In a managerial era, universities are challenging the traditional idea that only individuals need protecting, say Otto Hüther and Georg Krücke
With academic freedom under siege in even the most unlikely countries, German academia may well consider itself lucky that the principle is enshrined in the national constitution.
The first 20 articles of that document are regarded as fundamental and are subject to a so-called “eternity clause” – implying that the underlying principles may never be changed. Article 5 states that “arts and sciences, research and teaching shall be free”.
That is why all major German science and higher education associations will participate in the celebrations of the 70th anniversary of the German constitution on 23 May. The intention is to reiterate the fundamental value of academic freedom for a democratic society.
But an increasingly lively debate has arisen about whether academic freedom applies to the individual or the organisation. For decades, it has been a core assumption that it is primarily an individual right. This derives from traumatic historical experience. After the Nazi takeover in 1933, German universities not only assisted but also actively supported the expulsion of their academics for racial or political reasons. The conclusion drawn after 1945 was clear: organisations, as well as the state, are potential threats to academic freedom.
That freedom is also a central part of the socialisation and self-perception of German professors. But there are increasing suggestions – principally from members of the newly established management “class” at universities – that universities themselves also have the right to academic freedom.
The underlying logic is comprehensible: with the formally growing autonomy of universities vis-à-vis the state – or, in Germany’s case, the 16 federal states – universities are being transformed into strategically acting, managed organisations. This is manifested in a variety of ways, ranging from increasingly hierarchical decision-making structures to the expansion of managerial capacities in areas such as research, teaching and technology transfer.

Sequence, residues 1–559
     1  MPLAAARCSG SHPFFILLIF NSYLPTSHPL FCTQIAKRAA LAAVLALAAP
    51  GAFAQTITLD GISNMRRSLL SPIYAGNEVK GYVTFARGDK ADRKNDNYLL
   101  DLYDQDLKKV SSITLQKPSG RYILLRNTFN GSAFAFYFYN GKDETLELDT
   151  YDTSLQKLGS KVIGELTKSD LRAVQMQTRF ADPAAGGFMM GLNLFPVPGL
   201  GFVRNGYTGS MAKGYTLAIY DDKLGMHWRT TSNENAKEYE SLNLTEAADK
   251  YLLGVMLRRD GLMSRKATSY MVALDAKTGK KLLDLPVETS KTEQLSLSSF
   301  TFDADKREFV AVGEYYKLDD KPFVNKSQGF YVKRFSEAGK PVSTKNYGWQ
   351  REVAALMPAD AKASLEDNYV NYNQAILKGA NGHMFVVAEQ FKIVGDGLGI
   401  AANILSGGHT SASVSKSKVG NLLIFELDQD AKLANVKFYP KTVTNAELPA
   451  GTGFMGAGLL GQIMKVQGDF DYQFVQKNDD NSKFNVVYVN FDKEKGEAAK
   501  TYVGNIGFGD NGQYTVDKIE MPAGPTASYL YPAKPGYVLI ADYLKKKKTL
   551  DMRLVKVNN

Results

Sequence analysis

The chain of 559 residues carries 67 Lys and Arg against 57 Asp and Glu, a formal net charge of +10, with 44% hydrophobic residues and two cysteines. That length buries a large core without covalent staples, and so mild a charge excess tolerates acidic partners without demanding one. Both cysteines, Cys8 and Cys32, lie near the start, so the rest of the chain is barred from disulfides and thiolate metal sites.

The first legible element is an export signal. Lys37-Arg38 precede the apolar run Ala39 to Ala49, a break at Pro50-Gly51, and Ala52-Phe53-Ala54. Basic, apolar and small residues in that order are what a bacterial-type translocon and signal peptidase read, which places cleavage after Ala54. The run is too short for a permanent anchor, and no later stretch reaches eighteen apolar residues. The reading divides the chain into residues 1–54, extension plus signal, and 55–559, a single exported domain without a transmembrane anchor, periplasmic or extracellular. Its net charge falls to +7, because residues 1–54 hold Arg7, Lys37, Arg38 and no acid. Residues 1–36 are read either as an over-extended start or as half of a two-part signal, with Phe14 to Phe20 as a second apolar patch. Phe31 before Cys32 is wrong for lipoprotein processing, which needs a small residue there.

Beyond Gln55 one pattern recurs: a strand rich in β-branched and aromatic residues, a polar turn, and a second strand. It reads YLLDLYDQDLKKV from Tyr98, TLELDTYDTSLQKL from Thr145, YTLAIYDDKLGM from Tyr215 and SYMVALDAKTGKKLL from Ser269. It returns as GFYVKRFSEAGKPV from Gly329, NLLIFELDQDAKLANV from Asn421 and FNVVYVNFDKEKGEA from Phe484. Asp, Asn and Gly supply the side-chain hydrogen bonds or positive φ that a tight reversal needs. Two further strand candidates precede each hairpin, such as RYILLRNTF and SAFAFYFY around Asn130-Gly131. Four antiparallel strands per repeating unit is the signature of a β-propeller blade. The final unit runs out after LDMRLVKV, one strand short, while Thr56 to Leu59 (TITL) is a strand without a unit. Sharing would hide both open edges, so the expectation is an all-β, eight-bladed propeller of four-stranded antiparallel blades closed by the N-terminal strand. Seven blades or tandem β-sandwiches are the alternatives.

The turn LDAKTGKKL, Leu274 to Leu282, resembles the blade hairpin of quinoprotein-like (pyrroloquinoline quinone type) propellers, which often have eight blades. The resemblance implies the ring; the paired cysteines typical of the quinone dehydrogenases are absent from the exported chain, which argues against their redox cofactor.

These changes touch upon the relationship between not only the state and universities but between professors and universities. The traditional governance structure in Germany, with strong state authority counterbalanced by an equally strong academic oligarchy, is now complicated by the establishment of the organisational level as a third centre of power.
Perhaps the most pronounced shift is in the selection process for new professors. Whereas the state ministries of science and education traditionally had the last word, in most states the university presidents now take the decisions without any ministerial interference.
Against this backdrop, questioning the traditional locus of academic freedom may sound reasonable. Shouldn’t managers have the freedom to manage: to make decisions and to see them enacted?
However, granting such freedom to organisations themselves could generate conflicts, especially when organisational and individual autonomy are at odds. This is because, compared with other organisations and countries, even managed German universities have traditionally been peculiarly unable to impose their goals on their academics. Changing that will entail a significant culture shift, and will have to be in accordance with the rulings of the Federal Constitutional Court, which has so far interpreted autonomy as an individual right.
In large part, realisation of goals depends on the active cooperation and participation of academics and, for managers, securing that is tedious, time-consuming, frustrating and quite often unsuccessful. One option is to apply formal incentives such as target agreements, which commit academics to long-term strategic goals such as the creation of a new study course, graduate school or research cluster.
Pressure is also imposed on academics to become involved in organisational strategy (via working groups and projects that do not always have an academic focus) by the huge number of federal and state grant schemes, which underlie the perception of German universities as hyperactive organisations, constantly trying to be successful on many fronts.
But the existing individual right of academic freedom gives scholars an ultimate right to resist all the persuasion and pressure.
The recent debates on academic freedom are, therefore, also a debate on the relationships of authority and trust between society, universities and academics. The question is ultimately about who can be trusted most with academic freedom: individuals or organisations?
Otto Hüther is a senior researcher and Georg Krücken is director of the International Centre for Higher Education Research (INCHER-Kassel) at the University of Kassel, Germany.